- Review Price: £1299.00
Here at TrustedReviews we’ve looked at a great many notebook computers, from tiny ultra-portables to massive desktop replacements, but the Systemax Hurricane 6000 is the first notebook that we’ve seen to sport a 17in widescreen display. Of course Systemax isn’t unique in providing this feature, as both Toshiba and Sony offers similar machines, but that doesn’t make the display on the Hurricane any less impressive.
As you might already have guessed, any laptop with a 17in TFT display is not going to be small, but the Hurricane 6000 is still smaller and lighter than the Acer Aspire 1714SMi. The specifications are not the very best we have come across, but with an Athlon 64 3000+ and 512MB of PC2700 DDR memory it still has a lot to offer.
Systemax has gone for a 60GB Samsung 4,200rpm hard drive and a Matsushita slot-in DVD SuperMulti drive capable of writing to DVD-RAM media at 2x, DVD-R/RW at 4x/2x and DVD+R/RW at 2.4x. The DVD writer can also write to CD-R at 16x and CD-RW at 8x which makes it a very versatile mobile optical drive.
But the most prominent feature is of course the 17in TFT display and with a native resolution of 1,440 x 900 you get a lot of desktop real estate. The resolution isn’t as high at the 1,680 x 1,050 display seen in the Voodoo Envy M:860, but then this machine is a lot cheaper. Systemax has however followed Voodoo’s suit and decided to drive its widescreen display with a Mobility Radeon 9700, complete with 128MB.
The Hurricane 6000 continues to impress with built in 5.1-channel audio, but unlike most notebooks you don’t only get 5.1-channel outputs, because there are actually five speakers built into the chassis, along with a subwoofer. The only downfall is that the rear speakers are on each side of the keyboard rather than behind you, so you’re not really going to get a true and accurate sound stage. That said, this is the first notebook we’ve seen to attempt such an audacious sound solution.
On the left hand side of the chassis you will find three USB 2.0 ports, a PC Card slot, a memory card reader that accepts MMC, SD and Memory Stick and the optical drive. Around the back are the serial and parallel ports, a D-SUB, a PS/2 port and an S-Video connector as well as the modem and Gigabit Ethernet ports. Finally at the front is a four-pin FireWire port, the IrDA port and the audio connectors. The audio connectors are configured as optical S/PDIF output, mic and headphone sockets, but these can be re-configured in the driver to allow for 5.1-channel output.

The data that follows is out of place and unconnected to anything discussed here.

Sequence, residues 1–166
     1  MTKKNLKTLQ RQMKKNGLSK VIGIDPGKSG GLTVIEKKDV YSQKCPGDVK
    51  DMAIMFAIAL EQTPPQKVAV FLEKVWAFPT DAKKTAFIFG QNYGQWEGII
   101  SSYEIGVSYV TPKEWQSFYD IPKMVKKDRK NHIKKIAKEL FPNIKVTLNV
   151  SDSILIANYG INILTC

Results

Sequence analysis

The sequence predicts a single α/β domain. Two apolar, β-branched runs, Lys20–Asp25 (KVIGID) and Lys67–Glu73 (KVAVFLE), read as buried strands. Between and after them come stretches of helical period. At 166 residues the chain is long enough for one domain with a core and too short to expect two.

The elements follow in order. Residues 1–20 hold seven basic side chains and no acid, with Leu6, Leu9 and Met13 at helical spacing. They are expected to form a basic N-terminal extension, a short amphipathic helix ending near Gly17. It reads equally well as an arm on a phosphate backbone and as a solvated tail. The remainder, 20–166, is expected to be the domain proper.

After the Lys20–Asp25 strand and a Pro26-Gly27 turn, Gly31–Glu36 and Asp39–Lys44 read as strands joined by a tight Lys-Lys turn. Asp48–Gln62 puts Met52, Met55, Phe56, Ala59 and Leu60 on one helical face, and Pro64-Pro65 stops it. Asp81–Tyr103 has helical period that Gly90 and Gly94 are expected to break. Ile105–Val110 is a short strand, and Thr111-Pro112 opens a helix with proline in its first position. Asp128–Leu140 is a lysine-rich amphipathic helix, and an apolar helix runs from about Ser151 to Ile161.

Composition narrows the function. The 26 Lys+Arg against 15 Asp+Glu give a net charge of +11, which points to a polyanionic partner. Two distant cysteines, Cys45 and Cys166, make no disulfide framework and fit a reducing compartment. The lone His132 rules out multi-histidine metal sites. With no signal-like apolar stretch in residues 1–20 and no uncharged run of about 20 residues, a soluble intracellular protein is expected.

Due to the large chassis Systemax has managed to fit a full size keyboard to the Hurricane 6000, including a numeric keypad. This does however not have quite the same layout as a numerical keypad on a desktop keyboard, but for anyone that does a lot of accounting or spreadsheet work on their notebook, it will still be a welcome addition. The only complaint about the keyboard is the small Return key, which really should have been full size on a laptop this big. Apart from that most keys are where you would expect to find them, although the Spacebar could have been a little longer, since there is acres of space to fit a keyboard in a laptop this big.
Above the keyboard are three quick launch buttons that give instant access to your email client and web browser while the third one is programmable. The touchpad is reasonable enough, but it’s not the best I have used – although to be fair it’s not so much the touchpad itself that’s a problem, more the stiff selector buttons. Something you might not have spotted if from looking at the pictures is the integrated web camera on the top of the display. It wasn’t working in our pre-production review sample, but we’ve been assured by Systemax that it will work on production models. Systemax will also be supplying an external USB 2.0 TV-tuner from Avermedia and you get a two year warranty thrown in, although it is RTB (return to base).
Apart from its hefty size and weight – 393 x 275 x 37.5mm (W x D x H) and 4.2kg, there are a couple of other drawbacks with the Hurricane 6000. The first issue is the complete lack of integrated wireless networking – Systemax says that it might offer this on later models, but currently no decision has been made one way or the other. The second problem is the amount of cooling fans in the chassis, which produce a fair amount of noise when you’re running a lot of heavy applications, especially games.
Speaking of applications, the Hurricane 6000 is quite a capable laptop in our benchmarks, scoring 224 in SYSmark 2002 which is 10 points faster than the Evesham Voyager 64 which had a 3200+ processor. The battery life is less impressive at a mere one hour and 31 minutes, but this is pretty much expected from a large machine like this. Looking at the 3D scores the Hurricane 6000 is the fastest Athlon 64 notebook that we have tested so far, but it still doesn’t manage to beat the Rock Xtreme! XTR-3.4EE.
The Hurricane 6000 is a hard product to sum up as it has a lot on offer, but the lack of wireless networking is a serious omission these days. It also performs well in all the benchmarks, but has poor battery life. So it all comes down the price in the end and Systemax has yet again been very aggressive in this area – the Hurricane 6000 is £1,299.00 inc VAT and delivery, which is not a bad deal for what you’re getting.
The Systemax Hurricane 6000 is a beast of a laptop, but if you’re looking for something that little bit different that will be able to handle all the latest games, it’s worth a look. The performance and price is right, but the sheer bulk of this machine might put some buyers off no matter how good the performance.
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Score in detail
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